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Tapeworms in Dogs & Cats
Or How a Lowly Trematode Teamed up With the International Drug Cartel - Ron Hines DVM PhD 2/20/03 email@example.com
Tapeworms are very common in dogs and cats. All tapeworms require two different types of animals, one (the intermediate host) to be carried around by, to a new animal and a second type of animal (the final host) where the tapeworm can mature in the intestine and lay its eggs.
Tapeworms do not have a mouth. They feed through their skin (integument). Tapeworms are all segmented – like a string of pearls. Some tapeworms are many feet long, other types, only a few segments long.
Every tapeworm has an oval head (scolex) to which are attached a group of hooks – similar to fish hooks. These hooks bind the tapeworm to the lining of the small intestine.
Only the last pearls break off and leave the body with or after a bowl movement. These pearls (proglotids) are really an egg case.
They are filled with thousands of tapeworm eggs. When the egg case breaks open, these eggs are scattered about in hopes that an intermediate host will eat one by accident. In the intermediate host, the tapeworm egg hatches, forms a cyst and waits.
Eventually, the second animal eats some of these intermediate host animals in the parasite’s life cycle and a new tapeworm matures in the final host’s intestine (your dog or cat). Then the cycle can begin again and again.
Over 98% of the pets I see are infested with Dipylidium caninum, the pigmy tapeworm. When this worm passes “eggs” they appear as white or off-white grains of rice.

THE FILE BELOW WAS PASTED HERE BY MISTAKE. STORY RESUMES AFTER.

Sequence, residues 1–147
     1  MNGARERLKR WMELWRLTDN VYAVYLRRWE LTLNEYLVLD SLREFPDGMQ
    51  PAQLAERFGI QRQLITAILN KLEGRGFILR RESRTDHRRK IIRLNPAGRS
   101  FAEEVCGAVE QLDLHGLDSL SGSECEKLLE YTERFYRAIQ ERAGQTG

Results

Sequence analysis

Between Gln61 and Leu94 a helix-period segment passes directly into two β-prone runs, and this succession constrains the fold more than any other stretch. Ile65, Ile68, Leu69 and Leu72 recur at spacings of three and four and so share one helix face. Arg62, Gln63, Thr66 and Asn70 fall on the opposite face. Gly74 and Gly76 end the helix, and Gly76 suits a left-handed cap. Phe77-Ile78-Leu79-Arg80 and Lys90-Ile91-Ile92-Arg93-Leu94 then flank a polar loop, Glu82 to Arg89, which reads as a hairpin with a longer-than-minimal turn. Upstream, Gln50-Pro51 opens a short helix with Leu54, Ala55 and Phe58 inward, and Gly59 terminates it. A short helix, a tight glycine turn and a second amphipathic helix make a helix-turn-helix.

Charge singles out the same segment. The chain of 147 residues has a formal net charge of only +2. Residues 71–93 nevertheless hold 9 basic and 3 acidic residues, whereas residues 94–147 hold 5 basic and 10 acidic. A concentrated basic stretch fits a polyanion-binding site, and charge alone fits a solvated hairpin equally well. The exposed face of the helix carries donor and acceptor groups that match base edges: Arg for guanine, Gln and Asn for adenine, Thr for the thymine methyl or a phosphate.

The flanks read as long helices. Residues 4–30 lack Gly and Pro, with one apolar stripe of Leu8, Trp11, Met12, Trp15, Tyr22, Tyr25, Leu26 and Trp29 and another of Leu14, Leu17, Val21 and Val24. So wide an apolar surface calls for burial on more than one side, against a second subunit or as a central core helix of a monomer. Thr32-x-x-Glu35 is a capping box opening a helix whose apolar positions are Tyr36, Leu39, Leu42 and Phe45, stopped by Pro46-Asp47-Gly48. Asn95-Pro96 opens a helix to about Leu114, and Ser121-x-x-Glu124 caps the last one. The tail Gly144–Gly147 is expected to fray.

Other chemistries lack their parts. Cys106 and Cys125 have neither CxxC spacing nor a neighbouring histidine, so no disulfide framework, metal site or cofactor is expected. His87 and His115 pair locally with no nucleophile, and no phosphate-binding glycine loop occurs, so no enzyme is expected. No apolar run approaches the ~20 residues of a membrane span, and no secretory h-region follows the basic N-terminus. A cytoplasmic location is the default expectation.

Depending on the size of the tapeworm, these egg segments (proglotids) can be as small as sesame seeds or as large as a housefly maggot. They tend to be seen on the stool or around the pet’s rear and move very slowly until they dry. When these segments dry on the pet’s coat they explode hundreds of eggs.
Then fleas that are present on the pet ingest (eat) these eggs. In the flea, the new tapeworm (cysticercoid) develops. Then, when the pet eats a flea while grooming a new tapeworm develops in the pet’s intestine.
A few of these tapeworms are not dangerous to an animal’s health but they are very disgusting to observe. To successfully eliminate them, every dog and cat in the household must be treated with praziquantel and, at the same time, all fleas must be eliminated.
If, for a single instant, there are no fleas and no adult tapeworms, the problem is solved. If you don’t eliminate all mature fleas, within a month or so the tapeworms return. Some pets in a contaminated household may remain free of tapeworms.
These are pets with “smushed” faces such as Persian cats or pug-like dogs, which cannot catch fleas. Occasionally, after a bout of diarrhea, long strings of segments are passed intact.
I occasionally see other tapeworms in pets. Feeding undercooked meat passes these worms or I see them in cats that hunt out of doors. These tapeworms pass segments that are more rectangular in shape. Praziquantel kills them all.
It breaks down the protective coating over the worm and the body just absorbs the parasite. This is why you do not see dead tapeworms in the pet’s stool after it has been wormed.
Praziquantel is marketed by the multinational drug firm, the Bayer Corporation, under the name, Droncit. It is an exceptionally safe medicine. The patent on Droncit was acquired a number of years ago by Bayer. At that time, a second very effective medicine, Niclosamide, was marked by a competing firm under the trade name Yomisan.
At that time both medicines were quite reasonably priced. However, a short time later, Bayer purchased the patent for Yomisan as well and quickly took it off the market. They then proceeded to raise the price of Droncit from month to month. The last time I calculated its cost in ounces of active ingredient it had exceeded the cost of an ounce of gold. That is why your veterinarian charges so much for a tablet or injection of the product.